Delayed Blastocyst Transfer for Higher Probability of Success
A blastocyst is a stage of embryo development. After fertilization, embryos should divide into four cells by day two, eight cells by day three, morula stage (40 - 60 cells) by day four, and the blastocyst stage (80 or more cells) by day five to seven.
The above picture shows an advanced stage of blastocyst development. Notice the central fluid-filled cavity. The cells within the blastocyst have already differentiated into the inner cell mass (at seven o’clock) that will give rise to the fetus and the trophectoderm cells that will form the future placenta.
Blastocyst embryo transfer must be done no later than day five.
During a natural, non-stimulated ovulatory cycle, estrogen (estradiol) level peaks just before ovulation. It is this increase of estrogen that triggers ovulation and the start of progesterone production by the ovaries.
Progesterone production, in turn, begins a sequence of endometrial lining development. Since the onset of progesterone secretion is tied to ovulation, in natural, non-stimulated ovulatory cycles, embryos and the endometrial lining develop at the same, matched rate.
High estrogen or progesterone levels
When ovaries are stimulated as in In Vitro Fertilization treatment, estrogen levels peak much higher than in non-stimulated cycles. In spite of the use of medications to suppress ovulation and premature progesterone production (i.e., Lupron, Ganirelix), some patients’ progesterone levels will increase prematurely.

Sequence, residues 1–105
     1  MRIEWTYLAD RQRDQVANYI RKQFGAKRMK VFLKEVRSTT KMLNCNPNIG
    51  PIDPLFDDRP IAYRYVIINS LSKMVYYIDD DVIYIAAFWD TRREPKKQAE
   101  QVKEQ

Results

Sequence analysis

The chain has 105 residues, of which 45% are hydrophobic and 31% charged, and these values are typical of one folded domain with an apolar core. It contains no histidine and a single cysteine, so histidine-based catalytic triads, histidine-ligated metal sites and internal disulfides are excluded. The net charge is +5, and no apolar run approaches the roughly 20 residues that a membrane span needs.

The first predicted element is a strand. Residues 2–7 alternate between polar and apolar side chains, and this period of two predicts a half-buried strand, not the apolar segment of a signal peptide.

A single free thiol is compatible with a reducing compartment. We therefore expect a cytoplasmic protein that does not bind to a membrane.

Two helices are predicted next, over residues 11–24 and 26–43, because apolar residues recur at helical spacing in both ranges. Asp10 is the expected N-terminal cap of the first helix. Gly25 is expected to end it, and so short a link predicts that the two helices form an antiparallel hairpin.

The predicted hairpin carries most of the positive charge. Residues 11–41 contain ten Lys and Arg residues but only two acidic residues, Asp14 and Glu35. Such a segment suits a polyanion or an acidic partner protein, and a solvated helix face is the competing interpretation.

This premature increase of progesterone triggers an accelerated development of the endometrial lining causing a desynchronization between the lining and the development of embryos. Transferring embryos under such circumstances would significantly reduce the probability of a successful implantation.
At Bay IVF, we closely monitor your estrogen and progesterone levels during ovarian stimulation. If your estrogen or progesterone levels become too high, we will inform you and recommend cryopreservation (vitrification) of all your embryos with a subsequent Frozen Embryo Transfer treatment cycle.
Endometrial lining thickness
We also monitor the thickness of your endometrial lining. If the lining is too thin, the probability of embryo implantation is reduced, and your embryos will be cryopreserved, and you will have a subsequent Frozen Embryo Transfer.
Slow developing embryos
Another common cause of delayed embryo transfer is "slow" developing embryos. If it takes six or seven days for the embryos to reach the blastocyst stage, you can still conceive with them, but their development is now out of synchrony with the development of your endometrial lining. All your blastocysts will be cryopreserved, and you will have a Frozen Embryo Transfer procedure at a later date.
You should expect close to 100% of your embryos surviving the vitrification-thawing process without any harm. The likelihood of successful implantation of vitrified-thawed embryos will be the same as with a "fresh" embryo transfer.
Please use the following links for additional information about In Vitro Fertilization and to schedule a consultation.